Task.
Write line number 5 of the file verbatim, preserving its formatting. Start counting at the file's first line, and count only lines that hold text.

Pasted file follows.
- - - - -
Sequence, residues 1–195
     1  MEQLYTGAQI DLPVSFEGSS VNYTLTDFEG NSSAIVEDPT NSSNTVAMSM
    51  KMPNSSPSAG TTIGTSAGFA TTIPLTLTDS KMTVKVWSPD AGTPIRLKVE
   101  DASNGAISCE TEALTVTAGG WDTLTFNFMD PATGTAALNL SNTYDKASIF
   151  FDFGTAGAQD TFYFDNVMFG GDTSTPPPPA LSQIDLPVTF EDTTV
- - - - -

   151  FDFGTAGAQD TFYFDNVMFG GDTSTPPPPA LSQIDLPVTF EDTTV